[WITHINGTON, Paul; THOMAS, Lowell]
[THE BLONDE CAPTIVE] Die blonde Sklavin
Illustrierter Film-Kurier Nr. 610. [Vienna, Austria : 1932]. Small quarto, wrappers illustrated front and rear, 6 pp, half-tone photographic illustrations, text in German; short paper spits at head and tail of spine, mild stain to corner of lower wrapper, else very good.
An extremely rare edition of the Viennese cinema newspaper Illustrierter Film-Kurier, issued to promote the Austrian release of the silent film of Lowell Thomas and Paul Withington, The Blonde Captive (Columbia Pictures, 1932). The pamphlet advertises the fact that the film will be screened with an accompanying lecture in German. The short essay treats the film as a serious scientific documentary about an attempt to locate a living Neanderthal in remote northwest Australia, during the filming of which the crew discover a shipwrecked white woman who lives amongst the Aborigines. However, the true story of the making of the film is more accurately told as follows:
‘In 1928 the Australian racial psychologist Stanley David Porteus went to northwest Western Australia and central Australia to conduct psychological and psychophysical studies of sample Aboriginal groups. Porteus was accompanied by Paul Withington, a Honolulu surgeon and explorer, and two cinematographers. Withington, presenting the façade of a serious investigator searching for evidence of Neanderthal Man, told A.O. Neville, chief protector of Aborigines in Western Australia, that he was also making a film about Aboriginal life for educational purposes. After leaving Australia, Neville became increasingly concerned about this film. His queries to Porteus were met with uncertainty, and he received only silence from Withington. When the film was finally released, its representation of Aboriginal life was grossly distorted. This had far-reaching consequences for future researchers in Western Australia’. (Geoffrey Gray, 2004).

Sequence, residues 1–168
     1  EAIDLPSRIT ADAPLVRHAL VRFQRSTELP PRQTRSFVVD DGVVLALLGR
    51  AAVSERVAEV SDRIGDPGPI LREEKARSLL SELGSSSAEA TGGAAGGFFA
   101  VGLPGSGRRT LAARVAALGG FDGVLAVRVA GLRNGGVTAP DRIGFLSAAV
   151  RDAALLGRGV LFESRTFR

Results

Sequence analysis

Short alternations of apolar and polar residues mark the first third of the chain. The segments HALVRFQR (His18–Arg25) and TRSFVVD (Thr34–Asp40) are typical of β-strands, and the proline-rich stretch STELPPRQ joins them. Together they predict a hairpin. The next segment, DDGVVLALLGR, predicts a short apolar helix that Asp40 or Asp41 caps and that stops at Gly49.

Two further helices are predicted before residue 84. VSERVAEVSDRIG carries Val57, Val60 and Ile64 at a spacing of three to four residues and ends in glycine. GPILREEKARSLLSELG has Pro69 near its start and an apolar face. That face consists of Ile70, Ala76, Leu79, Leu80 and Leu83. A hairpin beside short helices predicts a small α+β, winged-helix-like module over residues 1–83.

This controversial film only managed to see the light of day because of a highly unethical and extreme editing process: what was supposed to be legitimate documentary film footage was manipulated in a sinister and cynical manner in order to produce a sensationalist film that was only ever screened in North American movie theatres, gaining a short release in 1932. The film was banned in Australia and until recently had never been screened publically in this country (the film received its first public screening in Australia during Indigenous artist Brook Andrew’s exhibition Taboo at the MCA in Sydney in December, 2012). Previously, the film had been thought lost until a partially reconstructed version of the film, restored from a nitrate dupe negative, surfaced and was screened at the XXXI Mostra Internazionale del Cinema Libero (Il Cinema Ritrovato) in Bologna, June–July 2002. For an account of the making of this film, see Geoffrey Gray, Looking for Neanderthal Man, finding a captive white woman: the story of a documentary film, in Health and History, vol. 8, no. 2, 2006.